ArcelorMittal to pay R1.5 billion penalty
Pretoria – ArcelorMittal South Africa Limited (AMSA) has agreed to pay an administrative penalty of R1.5 billion for its involvement in the long steel and scrap metal cartels.
The Competition Commission reached the settlement agreement with AMSA.
The amount, which will be paid in five annual instalments of no less than R300 million, will cover all pending cases against AMSA, including those that are still under investigation.
“AMSA has agreed to remedies relating to complaints against its pricing conduct without admitting that its pricing conduct constituted a contravention of the Competition Act.
“In this regard, AMSA has undertaken that for a period of five years it will limit its EBIT (earnings before interest and tax) margin to a cap of 10% for flat steel products sold in South Africa,” the Commission said.
In addition, AMSA has committed to a R4.64 billion capital expenditure over five years.
The commission’s investigations and finding include an investigation against long and flat steel producers in South Africa, involving AMSA.
“This investigation was initiated following concerns about high and increasing prices of steel products observed by the Commission, despite South Africa being a net exporter of steel.
“As part of the investigation, on 19 June 2008, the Commission conducted a dawn raid at the premises of Cape Town Iron and Steel Works (Pty) Ltd (CISCO), Highveld Steel and Vanadium Corporation Limited (Highveld), and the South African Iron and Steel Institute,” the Commission said.
Subsequently, Scaw South Africa (Pty) Ltd (Scaw), a subsidiary of Anglo American Plc, applied for and was granted leniency for its involvement in collusive practices.
The Commission’s investigation found that AMSA, CISCO, Scaw and Cape Gate (Pty) Ltd (Cape Gate), being competitors in the manufacturing of long steel products, engaged in collusion by fixing prices and discounts, allocating customers and sharing commercially sensitive information through the South African Iron and Steel Institute (SAISI) and the South African Reinforced Concrete Engineers’ Association.
The scrap metal cartel
In December 2009, the Commission initiated an investigation against the consumers of scrap, namely AMSA, Highveld, Cape Gate, CISCO and Columbus Stainless Steel (Pty) Ltd (Columbus Steel) for collusive practices.
The Commission’s investigation found that AMSA, Columbus Steel, Cape Gate and Scaw fixed the purchase price of scrap metal.
“In this regard, the Commission found that these firms collectively negotiated and agreed a standard formula, which was used to determine the purchase price of scrap metal as a buyers’ cartel.
“The Commission found that AMSA and Columbus Steel, Cape Gate and Scaw collaborated and acted in tandem with the upstream cartel of scrap merchants,” the Commission said.
The Commission referred this matter to the Tribunal for adjudication.
The flat steel cartel
In April 2008, the Commission initiated an investigation against flat steel producers Highveld and AMSA.
The Commission found that during the period 1999 and 2009, AMSA and Highveld had an understanding in terms of which Highveld would follow AMSA’s lead on pricing in the flat steel market.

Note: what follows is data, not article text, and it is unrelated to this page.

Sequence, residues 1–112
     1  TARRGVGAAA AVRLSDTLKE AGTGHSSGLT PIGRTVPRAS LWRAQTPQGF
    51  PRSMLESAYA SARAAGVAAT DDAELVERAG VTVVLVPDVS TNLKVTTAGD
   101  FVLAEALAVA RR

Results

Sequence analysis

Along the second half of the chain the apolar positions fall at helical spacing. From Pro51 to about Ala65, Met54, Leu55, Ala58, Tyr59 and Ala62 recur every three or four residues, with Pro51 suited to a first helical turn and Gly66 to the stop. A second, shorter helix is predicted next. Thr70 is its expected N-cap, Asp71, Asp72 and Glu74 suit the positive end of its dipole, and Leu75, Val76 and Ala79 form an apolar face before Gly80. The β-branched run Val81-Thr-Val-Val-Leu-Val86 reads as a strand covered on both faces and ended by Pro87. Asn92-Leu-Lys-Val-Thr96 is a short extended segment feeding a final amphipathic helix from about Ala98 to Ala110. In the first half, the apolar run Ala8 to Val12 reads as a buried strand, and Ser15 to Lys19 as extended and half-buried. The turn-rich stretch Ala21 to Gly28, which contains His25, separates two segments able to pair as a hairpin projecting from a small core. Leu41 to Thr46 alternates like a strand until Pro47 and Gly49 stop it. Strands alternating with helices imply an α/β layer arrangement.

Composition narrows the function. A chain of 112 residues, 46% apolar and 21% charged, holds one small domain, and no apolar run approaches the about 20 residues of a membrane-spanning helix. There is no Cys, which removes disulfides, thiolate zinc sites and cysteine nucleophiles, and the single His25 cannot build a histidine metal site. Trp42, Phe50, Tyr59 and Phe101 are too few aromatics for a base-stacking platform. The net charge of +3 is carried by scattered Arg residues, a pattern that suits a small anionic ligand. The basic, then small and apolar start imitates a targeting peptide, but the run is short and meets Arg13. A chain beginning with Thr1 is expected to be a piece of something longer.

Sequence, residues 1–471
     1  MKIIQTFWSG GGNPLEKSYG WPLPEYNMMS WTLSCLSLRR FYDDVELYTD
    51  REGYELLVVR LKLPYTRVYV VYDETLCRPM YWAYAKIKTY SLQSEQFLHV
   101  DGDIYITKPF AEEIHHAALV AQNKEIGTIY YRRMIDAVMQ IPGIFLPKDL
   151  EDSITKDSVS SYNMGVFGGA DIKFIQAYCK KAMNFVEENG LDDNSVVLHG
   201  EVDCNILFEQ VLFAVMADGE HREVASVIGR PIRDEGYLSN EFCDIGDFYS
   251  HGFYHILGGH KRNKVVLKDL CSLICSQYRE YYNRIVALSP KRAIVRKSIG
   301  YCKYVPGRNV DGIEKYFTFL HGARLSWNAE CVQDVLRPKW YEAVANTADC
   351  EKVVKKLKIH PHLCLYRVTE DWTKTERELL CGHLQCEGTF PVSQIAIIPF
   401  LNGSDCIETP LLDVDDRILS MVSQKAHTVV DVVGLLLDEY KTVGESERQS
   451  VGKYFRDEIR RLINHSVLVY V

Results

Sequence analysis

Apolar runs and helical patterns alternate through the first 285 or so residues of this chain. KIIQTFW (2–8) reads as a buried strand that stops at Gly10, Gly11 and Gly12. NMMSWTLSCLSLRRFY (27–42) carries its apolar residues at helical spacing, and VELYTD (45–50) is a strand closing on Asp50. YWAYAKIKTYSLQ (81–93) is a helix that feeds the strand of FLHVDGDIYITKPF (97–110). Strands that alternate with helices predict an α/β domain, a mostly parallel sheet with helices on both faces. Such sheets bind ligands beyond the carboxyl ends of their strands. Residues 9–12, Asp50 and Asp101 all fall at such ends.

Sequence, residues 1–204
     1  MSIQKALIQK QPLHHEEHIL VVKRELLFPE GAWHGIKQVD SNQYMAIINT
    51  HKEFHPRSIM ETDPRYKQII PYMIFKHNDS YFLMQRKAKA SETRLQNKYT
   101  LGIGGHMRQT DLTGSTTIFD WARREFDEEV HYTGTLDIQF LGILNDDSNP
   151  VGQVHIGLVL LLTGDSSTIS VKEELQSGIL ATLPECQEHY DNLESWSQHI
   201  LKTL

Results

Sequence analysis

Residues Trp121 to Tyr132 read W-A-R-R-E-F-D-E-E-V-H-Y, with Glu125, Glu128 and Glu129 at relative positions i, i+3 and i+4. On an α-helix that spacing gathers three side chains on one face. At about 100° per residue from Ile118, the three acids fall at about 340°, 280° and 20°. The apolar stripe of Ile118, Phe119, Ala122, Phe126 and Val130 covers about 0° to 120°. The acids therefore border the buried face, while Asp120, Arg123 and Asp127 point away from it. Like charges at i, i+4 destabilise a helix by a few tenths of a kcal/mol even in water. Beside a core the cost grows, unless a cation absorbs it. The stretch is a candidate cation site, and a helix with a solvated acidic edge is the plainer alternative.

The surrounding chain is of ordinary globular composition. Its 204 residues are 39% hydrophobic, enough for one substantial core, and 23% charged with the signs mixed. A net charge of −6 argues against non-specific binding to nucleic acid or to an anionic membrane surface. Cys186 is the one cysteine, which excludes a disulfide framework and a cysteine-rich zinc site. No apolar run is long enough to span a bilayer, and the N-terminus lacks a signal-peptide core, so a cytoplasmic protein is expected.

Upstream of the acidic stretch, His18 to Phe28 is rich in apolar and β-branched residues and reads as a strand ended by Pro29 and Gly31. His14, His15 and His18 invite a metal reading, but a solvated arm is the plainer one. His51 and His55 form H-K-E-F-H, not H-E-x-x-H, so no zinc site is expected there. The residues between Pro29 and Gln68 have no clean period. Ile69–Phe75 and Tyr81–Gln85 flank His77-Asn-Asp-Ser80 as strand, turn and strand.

The Commission also found that AMSA and Highveld used the industry association, SAISI, to exchange commercially sensitive information, such as sales volumes.
“This conduct constituted price fixing and market allocation in contravention of the Competition Act. On 30 March 2012, the Commission referred a complaint against AMSA and Highveld to the Tribunal,” the Commission said.
The Barnes Fencing complaints
In December 2003, the Commission received complaints from Barnes Fencing Industries (Pty) Ltd, F&G Quality Tubes (Pty) Ltd and Dunrose Trading (57) (Pty) Ltd against AMSA and various wire producers.
“The complaints alleged that AMSA differentiated between its customers in terms of discounts offered for low carbon wire rod and that this conduct amounted to price discrimination in contravention of the Competition Act.
“The Commission’s investigations found that AMSA engaged in the conduct of price discrimination in contravention of the Competition Act,” the Commission said.
This complaint concerned the period 2000 to 2003. The complaints were referred to the Tribunal for adjudication in January 2007.
In the second complaint received in December 2008, the same complainants alleged that the conduct complained of in the first complaint had continued from 2004 to 2006. The Commission referred the second complaint to the Tribunal in November 2012.
The excessive pricing complaint
In July 2011, the Commission initiated a complaint into AMSA’s pricing policy for its flat steel products based on a complaint by the Department of Trade and Industry.
The investigation pertained to AMSA allegedly charging excessive prices for its flat steel products in contravention of the Competition Act. The Commission has not made a finding in this matter.
“The Commission is delighted to bring an end to these longstanding proceedings. The penalty sends a strong message of deterrence and is an important milestone in the Commission’s enforcement against cartels,” Commissioner Tembinkosi Bonakele said.
Minister welcomes penalty
Minister of Economic Development Ebrahim Patel said the action by the competition authorities is part of a crackdown against abuse of market power and price-fixing that undermines the performance of the economy, imposes unnecessary costs on downstream factories and damages local jobs.
"South Africa's competitiveness and industrial performance require an efficient basic steel supplier industry.
“High levels of concentration, together with collusion, undermines our national goals,” Minister Patel said.
He said South Africa wants to send a message that it is open for business and it will act against conduct that damages competition and jobs.